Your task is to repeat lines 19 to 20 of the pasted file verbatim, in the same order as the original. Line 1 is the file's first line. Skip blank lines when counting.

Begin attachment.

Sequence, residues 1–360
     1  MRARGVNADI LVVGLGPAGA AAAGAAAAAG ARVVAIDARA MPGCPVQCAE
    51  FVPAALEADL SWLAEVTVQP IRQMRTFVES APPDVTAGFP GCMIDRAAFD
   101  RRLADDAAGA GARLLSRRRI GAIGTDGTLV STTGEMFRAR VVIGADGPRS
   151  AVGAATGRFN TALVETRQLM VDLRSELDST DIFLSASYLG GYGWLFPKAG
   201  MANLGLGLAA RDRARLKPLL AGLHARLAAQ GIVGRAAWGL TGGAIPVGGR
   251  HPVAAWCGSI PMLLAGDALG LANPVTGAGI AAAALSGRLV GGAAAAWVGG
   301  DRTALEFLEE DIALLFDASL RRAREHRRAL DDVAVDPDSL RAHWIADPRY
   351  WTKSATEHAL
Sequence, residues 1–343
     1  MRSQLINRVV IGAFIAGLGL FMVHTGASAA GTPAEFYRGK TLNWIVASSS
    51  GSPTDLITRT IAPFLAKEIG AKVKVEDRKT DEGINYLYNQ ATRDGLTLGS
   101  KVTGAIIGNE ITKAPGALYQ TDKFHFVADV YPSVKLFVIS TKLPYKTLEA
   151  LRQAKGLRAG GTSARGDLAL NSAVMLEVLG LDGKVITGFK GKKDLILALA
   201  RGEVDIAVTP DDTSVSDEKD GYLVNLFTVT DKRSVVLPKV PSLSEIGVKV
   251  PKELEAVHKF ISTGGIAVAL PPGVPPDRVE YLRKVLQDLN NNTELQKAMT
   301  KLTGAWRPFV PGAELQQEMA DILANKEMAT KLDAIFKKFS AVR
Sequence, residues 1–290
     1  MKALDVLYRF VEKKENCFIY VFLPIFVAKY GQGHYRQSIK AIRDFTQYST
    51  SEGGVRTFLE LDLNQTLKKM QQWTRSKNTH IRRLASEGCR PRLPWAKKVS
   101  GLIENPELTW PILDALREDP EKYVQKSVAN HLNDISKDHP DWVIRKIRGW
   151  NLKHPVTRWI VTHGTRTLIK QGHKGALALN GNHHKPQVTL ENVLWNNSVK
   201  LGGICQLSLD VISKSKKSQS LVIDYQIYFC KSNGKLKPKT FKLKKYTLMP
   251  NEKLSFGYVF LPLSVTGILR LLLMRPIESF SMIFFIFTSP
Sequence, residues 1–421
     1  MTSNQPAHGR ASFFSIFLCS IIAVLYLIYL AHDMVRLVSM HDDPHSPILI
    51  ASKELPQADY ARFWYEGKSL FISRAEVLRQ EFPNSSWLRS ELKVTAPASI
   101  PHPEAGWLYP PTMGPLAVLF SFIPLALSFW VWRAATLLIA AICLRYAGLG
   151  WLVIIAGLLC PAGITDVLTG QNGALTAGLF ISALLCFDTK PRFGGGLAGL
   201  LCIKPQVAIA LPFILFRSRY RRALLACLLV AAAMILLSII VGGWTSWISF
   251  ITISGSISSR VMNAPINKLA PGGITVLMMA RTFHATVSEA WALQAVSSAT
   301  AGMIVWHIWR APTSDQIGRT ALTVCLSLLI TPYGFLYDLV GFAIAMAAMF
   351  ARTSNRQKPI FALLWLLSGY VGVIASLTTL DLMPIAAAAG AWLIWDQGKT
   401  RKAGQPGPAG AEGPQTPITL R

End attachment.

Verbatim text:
     1  MKALDVLYRF VEKKENCFIY VFLPIFVAKY GQGHYRQSIK AIRDFTQYST
    51  SEGGVRTFLE LDLNQTLKKM QQWTRSKNTH IRRLASEGCR PRLPWAKKVS